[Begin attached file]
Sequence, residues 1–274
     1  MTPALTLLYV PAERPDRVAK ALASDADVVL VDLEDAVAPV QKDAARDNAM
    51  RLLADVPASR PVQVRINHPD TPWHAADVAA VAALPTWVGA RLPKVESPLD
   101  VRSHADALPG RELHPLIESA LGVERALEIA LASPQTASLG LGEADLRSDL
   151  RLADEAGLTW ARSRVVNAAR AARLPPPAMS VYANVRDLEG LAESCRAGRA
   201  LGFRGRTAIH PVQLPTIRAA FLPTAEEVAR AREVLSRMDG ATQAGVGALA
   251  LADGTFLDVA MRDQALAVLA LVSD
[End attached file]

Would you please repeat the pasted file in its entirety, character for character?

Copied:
Sequence, residues 1–274
     1  MTPALTLLYV PAERPDRVAK ALASDADVVL VDLEDAVAPV QKDAARDNAM
    51  RLLADVPASR PVQVRINHPD TPWHAADVAA VAALPTWVGA RLPKVESPLD
   101  VRSHADALPG RELHPLIESA LGVERALEIA LASPQTASLG LGEADLRSDL
   151  RLADEAGLTW ARSRVVNAAR AARLPPPAMS VYANVRDLEG LAESCRAGRA
   201  LGFRGRTAIH PVQLPTIRAA FLPTAEEVAR AREVLSRMDG ATQAGVGALA
   251  LADGTFLDVA MRDQALAVLA LVSD